EDG provides multiple methods of querying and navigating this information for timely delivery
|Data Protection by Design and Data Protection Impact Assessments:
The Data Controllers must make sure that the data is used only in compliance with what the user has given permission for.
|Complying with this aspect of GDPR requires having greater insight into the contracts of data use by any downstream systems. Policy rules defined in TopBraid EDG will let you make sure that a data element marked as PII follows certain rules, depending on the processes it participates in and the data obligation that is derived from PII Data Element + type of Process + Location.|
The changing regulations, business demands and technology can be a big pain for organizations trying to achieve compliance. What’s a weakness for some is a strength for others. These challenges play well to the strength of TopBraid EDG since adding new types of information it can govern is as simple as adding a new “edge” (pun intended) in the knowledge graph. You can start with TopBraid EDG as your GDPR documentation tool and as you progress your support for addressing GDPR requirements, the enterprise capabilities of the underlying platform will let you use it as your one stop GDPR compliance tool.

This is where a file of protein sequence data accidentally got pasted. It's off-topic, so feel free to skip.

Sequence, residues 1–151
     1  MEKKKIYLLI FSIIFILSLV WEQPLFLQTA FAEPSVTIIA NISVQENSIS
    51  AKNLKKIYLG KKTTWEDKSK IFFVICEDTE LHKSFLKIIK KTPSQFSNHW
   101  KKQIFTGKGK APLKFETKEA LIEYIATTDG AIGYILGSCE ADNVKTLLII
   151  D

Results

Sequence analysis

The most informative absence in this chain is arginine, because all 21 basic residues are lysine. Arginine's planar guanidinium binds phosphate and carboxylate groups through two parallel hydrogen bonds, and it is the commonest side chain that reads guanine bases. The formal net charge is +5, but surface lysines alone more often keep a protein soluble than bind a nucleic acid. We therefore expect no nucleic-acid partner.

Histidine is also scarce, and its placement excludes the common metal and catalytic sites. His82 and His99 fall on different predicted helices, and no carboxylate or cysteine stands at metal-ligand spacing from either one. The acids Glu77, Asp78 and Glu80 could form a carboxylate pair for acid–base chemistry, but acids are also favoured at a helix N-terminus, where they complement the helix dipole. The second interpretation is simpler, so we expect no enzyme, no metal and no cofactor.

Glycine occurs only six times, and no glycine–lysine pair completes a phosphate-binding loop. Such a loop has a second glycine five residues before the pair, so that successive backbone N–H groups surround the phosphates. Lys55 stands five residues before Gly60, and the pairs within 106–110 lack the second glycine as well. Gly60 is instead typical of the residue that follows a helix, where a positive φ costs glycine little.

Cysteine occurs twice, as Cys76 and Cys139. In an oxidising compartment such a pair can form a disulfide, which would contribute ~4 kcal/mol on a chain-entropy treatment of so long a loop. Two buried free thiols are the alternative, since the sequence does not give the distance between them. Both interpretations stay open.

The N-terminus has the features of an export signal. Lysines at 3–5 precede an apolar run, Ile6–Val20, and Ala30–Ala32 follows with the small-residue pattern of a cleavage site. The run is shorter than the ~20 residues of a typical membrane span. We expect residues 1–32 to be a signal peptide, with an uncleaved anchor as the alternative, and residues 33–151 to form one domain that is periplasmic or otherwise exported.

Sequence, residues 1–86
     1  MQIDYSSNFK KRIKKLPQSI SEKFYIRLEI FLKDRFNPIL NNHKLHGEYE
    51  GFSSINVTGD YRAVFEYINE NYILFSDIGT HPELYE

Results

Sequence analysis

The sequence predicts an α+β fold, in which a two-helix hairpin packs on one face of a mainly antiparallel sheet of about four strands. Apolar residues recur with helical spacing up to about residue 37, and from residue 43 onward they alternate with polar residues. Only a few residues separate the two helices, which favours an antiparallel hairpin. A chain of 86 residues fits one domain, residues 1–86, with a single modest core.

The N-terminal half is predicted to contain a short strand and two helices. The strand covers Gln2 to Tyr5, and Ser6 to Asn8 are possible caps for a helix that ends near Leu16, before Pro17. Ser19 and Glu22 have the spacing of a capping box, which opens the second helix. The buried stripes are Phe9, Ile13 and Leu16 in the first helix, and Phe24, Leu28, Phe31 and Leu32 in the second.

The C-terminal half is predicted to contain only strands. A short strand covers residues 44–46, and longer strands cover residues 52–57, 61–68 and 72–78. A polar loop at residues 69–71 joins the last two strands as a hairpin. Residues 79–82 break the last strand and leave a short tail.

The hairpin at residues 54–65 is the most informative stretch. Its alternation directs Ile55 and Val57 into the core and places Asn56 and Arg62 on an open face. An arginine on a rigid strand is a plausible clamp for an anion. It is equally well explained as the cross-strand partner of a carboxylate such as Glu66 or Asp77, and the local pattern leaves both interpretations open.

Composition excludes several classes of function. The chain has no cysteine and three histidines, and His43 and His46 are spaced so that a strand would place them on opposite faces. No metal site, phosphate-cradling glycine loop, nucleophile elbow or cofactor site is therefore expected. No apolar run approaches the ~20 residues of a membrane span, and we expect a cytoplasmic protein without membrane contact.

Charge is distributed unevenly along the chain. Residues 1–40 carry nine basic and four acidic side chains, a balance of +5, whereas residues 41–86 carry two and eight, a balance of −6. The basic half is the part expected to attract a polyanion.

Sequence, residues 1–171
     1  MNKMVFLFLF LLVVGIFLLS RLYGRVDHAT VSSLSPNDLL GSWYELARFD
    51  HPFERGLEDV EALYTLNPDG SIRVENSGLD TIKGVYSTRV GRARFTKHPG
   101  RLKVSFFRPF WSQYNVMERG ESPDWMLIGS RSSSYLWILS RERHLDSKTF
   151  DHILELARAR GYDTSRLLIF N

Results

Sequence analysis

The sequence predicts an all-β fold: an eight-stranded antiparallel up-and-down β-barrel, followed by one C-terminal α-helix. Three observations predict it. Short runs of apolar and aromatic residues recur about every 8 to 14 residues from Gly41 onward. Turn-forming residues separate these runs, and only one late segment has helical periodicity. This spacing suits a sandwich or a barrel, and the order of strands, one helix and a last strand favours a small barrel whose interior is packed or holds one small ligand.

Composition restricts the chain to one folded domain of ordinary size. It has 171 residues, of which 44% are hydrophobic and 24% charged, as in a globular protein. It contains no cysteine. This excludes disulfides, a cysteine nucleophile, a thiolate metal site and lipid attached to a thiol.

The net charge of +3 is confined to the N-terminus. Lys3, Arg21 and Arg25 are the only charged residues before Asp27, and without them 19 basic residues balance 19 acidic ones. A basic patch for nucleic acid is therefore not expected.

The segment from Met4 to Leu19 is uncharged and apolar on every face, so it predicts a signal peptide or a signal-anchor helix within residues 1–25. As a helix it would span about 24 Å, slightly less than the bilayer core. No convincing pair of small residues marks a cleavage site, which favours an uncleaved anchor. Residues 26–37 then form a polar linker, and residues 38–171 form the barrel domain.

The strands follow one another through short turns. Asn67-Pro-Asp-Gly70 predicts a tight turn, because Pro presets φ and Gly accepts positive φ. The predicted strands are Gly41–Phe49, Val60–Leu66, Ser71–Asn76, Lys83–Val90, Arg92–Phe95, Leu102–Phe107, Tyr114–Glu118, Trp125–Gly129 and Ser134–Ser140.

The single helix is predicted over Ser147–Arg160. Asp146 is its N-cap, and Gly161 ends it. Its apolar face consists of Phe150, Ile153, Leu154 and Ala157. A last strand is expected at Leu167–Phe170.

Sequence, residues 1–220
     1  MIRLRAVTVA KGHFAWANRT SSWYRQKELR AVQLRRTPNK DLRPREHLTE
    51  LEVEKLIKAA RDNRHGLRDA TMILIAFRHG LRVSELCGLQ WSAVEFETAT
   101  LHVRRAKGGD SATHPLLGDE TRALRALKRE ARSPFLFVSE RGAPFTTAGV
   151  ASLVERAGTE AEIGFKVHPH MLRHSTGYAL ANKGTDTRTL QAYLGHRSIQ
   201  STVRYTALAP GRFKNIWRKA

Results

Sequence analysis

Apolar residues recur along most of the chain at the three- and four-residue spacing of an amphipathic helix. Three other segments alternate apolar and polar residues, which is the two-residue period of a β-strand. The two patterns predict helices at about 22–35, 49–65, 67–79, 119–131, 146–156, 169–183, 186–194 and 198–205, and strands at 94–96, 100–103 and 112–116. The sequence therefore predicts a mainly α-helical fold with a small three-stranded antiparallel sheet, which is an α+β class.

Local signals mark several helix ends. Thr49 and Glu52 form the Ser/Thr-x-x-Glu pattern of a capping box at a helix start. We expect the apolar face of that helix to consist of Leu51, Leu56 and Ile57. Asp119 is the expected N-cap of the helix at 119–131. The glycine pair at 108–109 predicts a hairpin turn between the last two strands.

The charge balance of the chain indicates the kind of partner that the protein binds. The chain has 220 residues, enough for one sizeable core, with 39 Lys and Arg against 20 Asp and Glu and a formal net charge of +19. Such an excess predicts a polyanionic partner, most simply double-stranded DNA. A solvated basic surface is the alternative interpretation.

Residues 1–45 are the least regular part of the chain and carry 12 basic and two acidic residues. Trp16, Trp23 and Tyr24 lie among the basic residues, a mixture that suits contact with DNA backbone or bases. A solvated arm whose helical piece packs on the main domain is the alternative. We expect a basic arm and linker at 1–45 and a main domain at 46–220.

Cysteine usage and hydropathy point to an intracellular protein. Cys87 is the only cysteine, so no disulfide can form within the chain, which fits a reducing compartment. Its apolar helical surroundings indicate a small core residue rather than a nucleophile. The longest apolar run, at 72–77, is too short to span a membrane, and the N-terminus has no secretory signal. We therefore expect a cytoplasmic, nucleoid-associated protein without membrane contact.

Below is a diagram in TopBraid EDG showing a relationship between a data element and a GDPR obligation that applies to it in a context of specific processing. TopBraid EDG comes pre-populated with GDPR obligations captured in the structured format. It assists users in identifying how regulations apply to data and processes, capturing this information and making it immediately available for search, query and reporting.
Join on us for the upcoming webinar Semantic Data Governance for GDPR Compliance where we will cover the above and more.